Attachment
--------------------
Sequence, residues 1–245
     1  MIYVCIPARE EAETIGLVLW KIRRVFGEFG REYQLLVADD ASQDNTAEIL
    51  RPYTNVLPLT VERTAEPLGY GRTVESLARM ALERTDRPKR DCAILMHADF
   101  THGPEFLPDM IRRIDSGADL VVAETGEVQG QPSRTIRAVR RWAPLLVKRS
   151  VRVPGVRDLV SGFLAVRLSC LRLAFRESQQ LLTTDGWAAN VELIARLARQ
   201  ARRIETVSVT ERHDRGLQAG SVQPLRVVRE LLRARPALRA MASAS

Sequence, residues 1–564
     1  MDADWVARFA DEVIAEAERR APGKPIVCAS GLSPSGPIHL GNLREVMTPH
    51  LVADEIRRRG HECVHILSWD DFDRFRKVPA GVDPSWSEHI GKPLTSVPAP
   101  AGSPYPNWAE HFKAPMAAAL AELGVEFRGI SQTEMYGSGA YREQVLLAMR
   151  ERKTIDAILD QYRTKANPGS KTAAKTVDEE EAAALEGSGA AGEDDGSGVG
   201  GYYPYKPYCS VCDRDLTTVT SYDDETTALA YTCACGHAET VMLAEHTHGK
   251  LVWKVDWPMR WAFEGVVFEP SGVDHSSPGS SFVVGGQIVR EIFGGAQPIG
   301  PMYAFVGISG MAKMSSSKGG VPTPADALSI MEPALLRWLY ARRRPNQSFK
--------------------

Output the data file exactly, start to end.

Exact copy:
Sequence, residues 1–245
     1  MIYVCIPARE EAETIGLVLW KIRRVFGEFG REYQLLVADD ASQDNTAEIL
    51  RPYTNVLPLT VERTAEPLGY GRTVESLARM ALERTDRPKR DCAILMHADF
   101  THGPEFLPDM IRRIDSGADL VVAETGEVQG QPSRTIRAVR RWAPLLVKRS
   151  VRVPGVRDLV SGFLAVRLSC LRLAFRESQQ LLTTDGWAAN VELIARLARQ
   201  ARRIETVSVT ERHDRGLQAG SVQPLRVVRE LLRARPALRA MASAS

Sequence, residues 1–564
     1  MDADWVARFA DEVIAEAERR APGKPIVCAS GLSPSGPIHL GNLREVMTPH
    51  LVADEIRRRG HECVHILSWD DFDRFRKVPA GVDPSWSEHI GKPLTSVPAP
   101  AGSPYPNWAE HFKAPMAAAL AELGVEFRGI SQTEMYGSGA YREQVLLAMR
   151  ERKTIDAILD QYRTKANPGS KTAAKTVDEE EAAALEGSGA AGEDDGSGVG
   201  GYYPYKPYCS VCDRDLTTVT SYDDETTALA YTCACGHAET VMLAEHTHGK
   251  LVWKVDWPMR WAFEGVVFEP SGVDHSSPGS SFVVGGQIVR EIFGGAQPIG
   301  PMYAFVGISG MAKMSSSKGG VPTPADALSI MEPALLRWLY ARRRPNQSFK